September 24 – October 1, 2016
Do you know what these 10 books have in common? You guessed it - they were the most frequently challenged books during 2015.
- Looking for Alaska by John Green
- Fifty Shades of Grey by E. L. James
- I Am Jazz by Jessica Herthel and Jazz Jennings
- Beyond Magenta: Transgender Teens Speak Out by Susan Kuklin
- The Curious Incident of the Dog in the Night-Time by Mark Haddon
- The Holy Bible
- Fun Home by Alison Bechdel
- Habibi by Craig Thompson
- Nasreen’s Secret School: A True Story from Afghanistan by Jeanette Winter
- Two Boys Kissing by David Levithan
“Banned Books Week is an annual event celebrating the freedom to read. Typically held during the last week of September, it highlights the value of free and open access to information. Banned Books Week brings together the entire book community — librarians, booksellers, publishers, journalists, teachers, and readers of all types — in shared support of the freedom to seek and to express ideas, even those some consider unorthodox or unpopular.
A challenge [to a book] is an attempt to remove or restrict it, based upon the objections of a person or group. A banning is the removal of those materials. Challenges do not simply involve a person expressing a point of view; rather, they are an attempt to remove material from the curriculum or library, thereby restricting the access of others. As such, they are a threat to freedom of speech and choice.
The books featured during Banned Books Week have all been targeted with removal or restrictions in libraries and schools. While books have been and continue to be banned, part of the Banned Books Week celebration is the fact that, in a majority of cases, the books have remained available. This happens only thanks to the efforts of librarians, teachers, students, and community members who stand up and speak out for the freedom to read.”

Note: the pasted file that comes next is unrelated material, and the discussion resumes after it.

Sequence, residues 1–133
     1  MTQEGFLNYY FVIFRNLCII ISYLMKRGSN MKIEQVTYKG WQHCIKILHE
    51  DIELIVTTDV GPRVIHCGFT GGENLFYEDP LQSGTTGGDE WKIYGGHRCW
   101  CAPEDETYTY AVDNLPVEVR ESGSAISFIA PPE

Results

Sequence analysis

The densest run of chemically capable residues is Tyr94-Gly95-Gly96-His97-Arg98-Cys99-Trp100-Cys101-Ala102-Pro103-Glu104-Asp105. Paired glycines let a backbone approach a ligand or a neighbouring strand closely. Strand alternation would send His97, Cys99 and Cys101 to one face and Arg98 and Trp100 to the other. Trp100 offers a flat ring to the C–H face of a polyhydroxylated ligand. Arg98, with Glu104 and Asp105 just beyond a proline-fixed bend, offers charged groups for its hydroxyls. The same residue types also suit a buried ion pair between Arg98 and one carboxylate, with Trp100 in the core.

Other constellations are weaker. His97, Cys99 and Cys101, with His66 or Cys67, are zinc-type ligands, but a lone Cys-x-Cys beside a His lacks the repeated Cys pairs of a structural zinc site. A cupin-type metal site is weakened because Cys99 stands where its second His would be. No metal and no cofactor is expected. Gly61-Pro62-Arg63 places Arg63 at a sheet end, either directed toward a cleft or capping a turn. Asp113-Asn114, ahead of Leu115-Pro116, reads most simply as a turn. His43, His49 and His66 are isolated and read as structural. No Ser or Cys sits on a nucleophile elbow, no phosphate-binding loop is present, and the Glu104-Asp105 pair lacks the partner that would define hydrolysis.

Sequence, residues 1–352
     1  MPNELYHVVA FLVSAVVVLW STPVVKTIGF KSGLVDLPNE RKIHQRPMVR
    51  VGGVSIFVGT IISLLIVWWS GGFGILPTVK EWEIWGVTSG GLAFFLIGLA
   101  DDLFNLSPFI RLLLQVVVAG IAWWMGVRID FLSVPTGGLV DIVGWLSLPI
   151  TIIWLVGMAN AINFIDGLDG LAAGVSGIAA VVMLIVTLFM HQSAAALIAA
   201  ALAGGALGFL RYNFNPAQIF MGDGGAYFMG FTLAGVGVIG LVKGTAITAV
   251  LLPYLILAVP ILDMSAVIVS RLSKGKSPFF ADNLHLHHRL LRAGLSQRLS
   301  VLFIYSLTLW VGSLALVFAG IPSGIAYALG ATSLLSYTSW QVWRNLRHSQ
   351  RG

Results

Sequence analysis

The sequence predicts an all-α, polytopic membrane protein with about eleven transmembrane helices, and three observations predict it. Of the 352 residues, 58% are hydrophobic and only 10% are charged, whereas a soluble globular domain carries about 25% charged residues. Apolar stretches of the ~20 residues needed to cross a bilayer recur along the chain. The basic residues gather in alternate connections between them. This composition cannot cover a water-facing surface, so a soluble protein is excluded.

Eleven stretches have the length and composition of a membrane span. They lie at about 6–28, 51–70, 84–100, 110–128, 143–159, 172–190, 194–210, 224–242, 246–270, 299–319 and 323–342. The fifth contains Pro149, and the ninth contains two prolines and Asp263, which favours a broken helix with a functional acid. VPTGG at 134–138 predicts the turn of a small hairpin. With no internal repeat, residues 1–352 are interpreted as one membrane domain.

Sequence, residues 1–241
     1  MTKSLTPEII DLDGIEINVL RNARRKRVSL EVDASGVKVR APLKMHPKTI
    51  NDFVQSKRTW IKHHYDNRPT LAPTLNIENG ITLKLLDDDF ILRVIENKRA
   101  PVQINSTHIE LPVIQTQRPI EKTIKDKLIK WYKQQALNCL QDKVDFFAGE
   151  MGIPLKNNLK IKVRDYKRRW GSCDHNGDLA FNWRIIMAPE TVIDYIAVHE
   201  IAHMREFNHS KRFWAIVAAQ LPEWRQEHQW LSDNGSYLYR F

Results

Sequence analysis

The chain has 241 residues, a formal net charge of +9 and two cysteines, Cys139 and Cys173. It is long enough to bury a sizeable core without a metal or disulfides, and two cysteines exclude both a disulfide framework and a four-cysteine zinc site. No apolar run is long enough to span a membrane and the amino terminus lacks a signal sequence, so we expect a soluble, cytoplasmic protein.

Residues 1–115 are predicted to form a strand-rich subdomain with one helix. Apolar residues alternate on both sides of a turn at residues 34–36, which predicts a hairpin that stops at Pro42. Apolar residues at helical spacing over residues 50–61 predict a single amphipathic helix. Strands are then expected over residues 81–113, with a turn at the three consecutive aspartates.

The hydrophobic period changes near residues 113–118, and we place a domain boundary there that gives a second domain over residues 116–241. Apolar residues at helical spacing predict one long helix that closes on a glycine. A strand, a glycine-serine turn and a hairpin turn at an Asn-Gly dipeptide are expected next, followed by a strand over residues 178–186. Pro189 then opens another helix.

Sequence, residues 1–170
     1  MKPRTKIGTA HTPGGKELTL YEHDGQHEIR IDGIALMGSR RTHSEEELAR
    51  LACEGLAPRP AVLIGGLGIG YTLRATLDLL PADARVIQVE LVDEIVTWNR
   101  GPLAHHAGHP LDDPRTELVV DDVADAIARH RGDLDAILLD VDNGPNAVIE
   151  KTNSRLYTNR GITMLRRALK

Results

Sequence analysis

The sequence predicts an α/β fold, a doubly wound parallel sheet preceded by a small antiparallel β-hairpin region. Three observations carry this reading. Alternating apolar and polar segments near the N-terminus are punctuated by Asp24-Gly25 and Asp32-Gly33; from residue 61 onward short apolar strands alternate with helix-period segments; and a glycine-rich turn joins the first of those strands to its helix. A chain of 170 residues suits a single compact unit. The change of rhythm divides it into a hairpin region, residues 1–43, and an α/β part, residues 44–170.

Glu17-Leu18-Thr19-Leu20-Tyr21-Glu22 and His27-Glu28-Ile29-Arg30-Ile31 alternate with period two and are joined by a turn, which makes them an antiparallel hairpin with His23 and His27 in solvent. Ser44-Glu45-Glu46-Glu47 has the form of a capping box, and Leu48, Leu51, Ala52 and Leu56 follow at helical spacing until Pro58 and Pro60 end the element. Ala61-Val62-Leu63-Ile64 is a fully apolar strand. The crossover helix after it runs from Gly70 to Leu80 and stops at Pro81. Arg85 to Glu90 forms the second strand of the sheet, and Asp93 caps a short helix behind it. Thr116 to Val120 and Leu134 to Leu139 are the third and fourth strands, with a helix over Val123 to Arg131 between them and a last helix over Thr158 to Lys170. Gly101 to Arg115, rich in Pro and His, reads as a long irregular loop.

Why are books challenged?
The reasons cited for the challenge to the above books include:
Offensive language, sexually explicit, unsuited for age group, inaccurate, homosexuality, sex education, religious viewpoint, anti-family, political viewpoint, violence and other (“graphic images”), nudity, and other (“condones public displays of affection”).
In the words of Mark Twain, “Censorship is telling a man he can’t have a steak just because a baby can’t chew it.”
So celebrate your freedom to read and check out a challenged book today! There’s something for everyone at the Islip Public Library!